Experts: Northeast African Cheetah’s Status Should Be Upgraded to Endangered

A group of experts have requested that the Northeast African cheetah’s conservation status be upgraded from vulnerable to endangered on the International Union for Conservation of Nature’s (IUCN) Red List. This subspecies, known scientifically as Acinonyx jubatus soemmeringii, is found in the Horn of Africa.

Trafficking of Cubs to Arabian Peninsula

The key reason for the appeal is that cubs of this cheetah subspecies are being heavily trafficked from the Horn of Africa across the Red Sea to countries on the Arabian Peninsula like Saudi Arabia, United Arab Emirates, and Yemen. This trafficking is greatly reducing the already small population and genetic diversity of A. j. soemmeringii.

Small Wild Population

The most recent population estimate for wild A. j. soemmeringii is only 260-590 mature individuals. Since most illegally trafficked cubs die in captivity, this trafficking represents a major and sustained population loss that will lead to further declines.

Added Threats

On top of trafficking, the Northeast African cheetah faces habitat degradation and conflict with farmers over livestock predation. These issues are also causing population declines and loss of genetic diversity.

Evidence to Support Reclassification

The evidence to uplist its status from vulnerable to endangered comes from genetic analysis of 55 illegally trafficked cheetahs confiscated between 2016-2019. The analysis showed all 55 cheetahs were A. j. soemmeringii, indicating regional trafficking is focused on this subspecies.

Under IUCN criteria, this trafficking and associated population declines are enough evidence to categorize A. j. soemmeringii as endangered. The cheetahs were confiscated in Somaliland, a region of Somalia that borders Yemen. Recently, Ethiopia granted recognition to Somaliland to get access to its Red Sea ports.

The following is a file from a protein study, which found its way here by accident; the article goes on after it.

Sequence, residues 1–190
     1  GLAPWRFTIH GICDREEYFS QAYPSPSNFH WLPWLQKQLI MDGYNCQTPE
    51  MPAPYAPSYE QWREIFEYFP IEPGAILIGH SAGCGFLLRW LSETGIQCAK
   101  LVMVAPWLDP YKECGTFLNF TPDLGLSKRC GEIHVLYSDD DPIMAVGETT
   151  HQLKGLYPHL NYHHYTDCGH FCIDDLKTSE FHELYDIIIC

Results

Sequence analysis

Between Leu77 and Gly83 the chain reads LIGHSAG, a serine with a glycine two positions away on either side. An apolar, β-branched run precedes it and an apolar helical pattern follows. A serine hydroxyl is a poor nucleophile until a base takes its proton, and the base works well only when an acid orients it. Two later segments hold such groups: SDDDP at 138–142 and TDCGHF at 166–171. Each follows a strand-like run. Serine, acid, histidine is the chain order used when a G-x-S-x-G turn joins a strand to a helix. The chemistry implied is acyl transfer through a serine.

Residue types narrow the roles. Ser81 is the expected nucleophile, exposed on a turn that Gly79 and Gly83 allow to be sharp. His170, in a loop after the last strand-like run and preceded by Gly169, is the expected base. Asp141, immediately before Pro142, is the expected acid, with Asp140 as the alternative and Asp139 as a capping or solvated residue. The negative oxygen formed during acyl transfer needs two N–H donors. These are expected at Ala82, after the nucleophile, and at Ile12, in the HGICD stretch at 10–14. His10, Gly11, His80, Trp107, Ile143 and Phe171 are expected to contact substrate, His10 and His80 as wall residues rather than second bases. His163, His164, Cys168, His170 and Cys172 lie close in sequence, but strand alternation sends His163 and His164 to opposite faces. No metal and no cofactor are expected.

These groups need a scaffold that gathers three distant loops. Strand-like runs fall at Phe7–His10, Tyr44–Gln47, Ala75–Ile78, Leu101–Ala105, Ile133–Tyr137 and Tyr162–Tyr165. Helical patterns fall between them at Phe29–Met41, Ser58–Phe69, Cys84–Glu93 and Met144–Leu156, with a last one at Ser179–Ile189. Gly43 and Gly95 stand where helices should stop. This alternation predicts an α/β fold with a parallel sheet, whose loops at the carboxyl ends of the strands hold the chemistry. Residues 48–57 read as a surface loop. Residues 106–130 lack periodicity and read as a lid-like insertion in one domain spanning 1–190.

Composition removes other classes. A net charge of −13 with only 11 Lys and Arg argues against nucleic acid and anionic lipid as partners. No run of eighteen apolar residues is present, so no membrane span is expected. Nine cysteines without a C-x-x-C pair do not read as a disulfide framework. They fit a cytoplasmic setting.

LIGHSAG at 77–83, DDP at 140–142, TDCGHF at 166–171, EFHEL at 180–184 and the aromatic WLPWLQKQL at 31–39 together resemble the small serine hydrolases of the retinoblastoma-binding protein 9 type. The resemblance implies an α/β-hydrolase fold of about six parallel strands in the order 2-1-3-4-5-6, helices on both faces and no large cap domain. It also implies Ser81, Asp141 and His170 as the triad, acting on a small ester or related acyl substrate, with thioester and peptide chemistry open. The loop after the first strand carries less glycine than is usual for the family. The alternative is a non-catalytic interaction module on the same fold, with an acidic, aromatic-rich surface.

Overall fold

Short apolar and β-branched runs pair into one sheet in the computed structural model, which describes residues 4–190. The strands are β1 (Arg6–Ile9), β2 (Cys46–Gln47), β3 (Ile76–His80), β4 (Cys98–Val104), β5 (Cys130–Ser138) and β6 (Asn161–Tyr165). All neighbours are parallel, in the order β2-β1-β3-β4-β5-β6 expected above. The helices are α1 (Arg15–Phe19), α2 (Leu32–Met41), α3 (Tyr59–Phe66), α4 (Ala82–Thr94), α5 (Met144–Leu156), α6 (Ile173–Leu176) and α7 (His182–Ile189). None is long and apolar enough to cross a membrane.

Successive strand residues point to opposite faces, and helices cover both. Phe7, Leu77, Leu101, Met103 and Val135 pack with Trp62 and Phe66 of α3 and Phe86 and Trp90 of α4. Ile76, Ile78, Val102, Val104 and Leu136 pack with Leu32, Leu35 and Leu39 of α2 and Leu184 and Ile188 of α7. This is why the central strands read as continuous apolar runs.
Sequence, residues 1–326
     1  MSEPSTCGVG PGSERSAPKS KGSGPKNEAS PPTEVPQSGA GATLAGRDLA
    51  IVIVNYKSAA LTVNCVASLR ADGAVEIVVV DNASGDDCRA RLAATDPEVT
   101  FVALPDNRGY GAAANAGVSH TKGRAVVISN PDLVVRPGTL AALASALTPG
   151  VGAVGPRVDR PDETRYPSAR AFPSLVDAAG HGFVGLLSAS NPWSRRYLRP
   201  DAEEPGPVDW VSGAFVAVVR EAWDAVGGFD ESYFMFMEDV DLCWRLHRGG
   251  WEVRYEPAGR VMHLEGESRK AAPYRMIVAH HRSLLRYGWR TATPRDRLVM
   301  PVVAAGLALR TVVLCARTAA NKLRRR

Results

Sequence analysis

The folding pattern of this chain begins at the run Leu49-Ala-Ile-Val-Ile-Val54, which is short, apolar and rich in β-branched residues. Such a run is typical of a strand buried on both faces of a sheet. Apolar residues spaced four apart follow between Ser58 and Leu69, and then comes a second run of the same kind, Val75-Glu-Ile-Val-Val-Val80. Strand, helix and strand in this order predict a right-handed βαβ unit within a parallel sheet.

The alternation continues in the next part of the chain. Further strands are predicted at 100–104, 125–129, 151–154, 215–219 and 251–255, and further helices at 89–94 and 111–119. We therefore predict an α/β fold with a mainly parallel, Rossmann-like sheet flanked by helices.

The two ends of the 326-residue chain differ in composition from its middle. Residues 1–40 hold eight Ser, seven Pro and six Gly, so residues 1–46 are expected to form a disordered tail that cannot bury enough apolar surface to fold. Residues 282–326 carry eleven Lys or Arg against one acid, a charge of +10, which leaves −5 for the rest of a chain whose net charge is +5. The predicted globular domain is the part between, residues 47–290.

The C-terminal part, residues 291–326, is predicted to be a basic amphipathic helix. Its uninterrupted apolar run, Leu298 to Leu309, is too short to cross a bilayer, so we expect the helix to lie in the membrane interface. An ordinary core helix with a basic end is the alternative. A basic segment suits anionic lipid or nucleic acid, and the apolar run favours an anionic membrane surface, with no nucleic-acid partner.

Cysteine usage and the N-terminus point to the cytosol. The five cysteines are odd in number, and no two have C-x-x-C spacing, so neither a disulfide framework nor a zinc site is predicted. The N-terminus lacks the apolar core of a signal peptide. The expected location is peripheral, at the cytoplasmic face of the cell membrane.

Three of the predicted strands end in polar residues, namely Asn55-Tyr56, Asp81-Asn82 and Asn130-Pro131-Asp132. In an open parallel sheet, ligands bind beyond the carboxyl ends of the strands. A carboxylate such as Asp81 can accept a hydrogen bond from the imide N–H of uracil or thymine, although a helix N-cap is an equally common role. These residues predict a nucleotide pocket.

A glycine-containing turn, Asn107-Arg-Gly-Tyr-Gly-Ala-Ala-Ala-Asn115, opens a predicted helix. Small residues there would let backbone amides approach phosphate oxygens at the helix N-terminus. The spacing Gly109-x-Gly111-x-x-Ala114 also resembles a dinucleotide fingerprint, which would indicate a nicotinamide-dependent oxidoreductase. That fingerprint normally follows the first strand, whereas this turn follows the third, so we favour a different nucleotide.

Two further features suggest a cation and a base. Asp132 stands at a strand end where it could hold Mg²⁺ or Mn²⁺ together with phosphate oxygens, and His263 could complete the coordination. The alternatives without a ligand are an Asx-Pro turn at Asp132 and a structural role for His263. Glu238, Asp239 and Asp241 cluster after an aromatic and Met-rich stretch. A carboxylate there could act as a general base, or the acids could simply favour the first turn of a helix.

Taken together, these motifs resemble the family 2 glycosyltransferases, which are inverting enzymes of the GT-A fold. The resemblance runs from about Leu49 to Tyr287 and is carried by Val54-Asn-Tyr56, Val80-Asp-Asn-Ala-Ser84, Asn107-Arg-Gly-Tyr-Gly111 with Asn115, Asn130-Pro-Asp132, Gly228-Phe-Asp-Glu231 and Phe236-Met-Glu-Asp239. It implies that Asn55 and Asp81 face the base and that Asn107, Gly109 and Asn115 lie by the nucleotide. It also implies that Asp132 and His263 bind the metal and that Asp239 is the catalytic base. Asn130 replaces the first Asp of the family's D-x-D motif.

Potential Upgrade to Critically Endangered Status

The researchers also urged investigating whether the factors threatening A. j. soemmeringii qualify it as critically endangered rather than just endangered. This would better reflect the grave extinction risk caused by trafficking on top of other population pressures.

Boosting Protection for the Subspecies

Upgrading its status to endangered or critically endangered would help in several ways. It would spur greater support and commitment from stakeholders to protect A. j. soemmeringii. Conservation funding targeted to endangered species could also help populations recover. Finally, heightened legal protections would hamper trafficking networks.

Preventing the extinction of the Northeast African cheetah requires limiting the illegal cub trade as well as maintaining habitat connectivity so populations can grow. Local people must also be involved in conservation efforts. With coordinated action guided by the best science, it should be possible to ensure this unique cheetah continues roaming the Horn of Africa’s arid landscapes.



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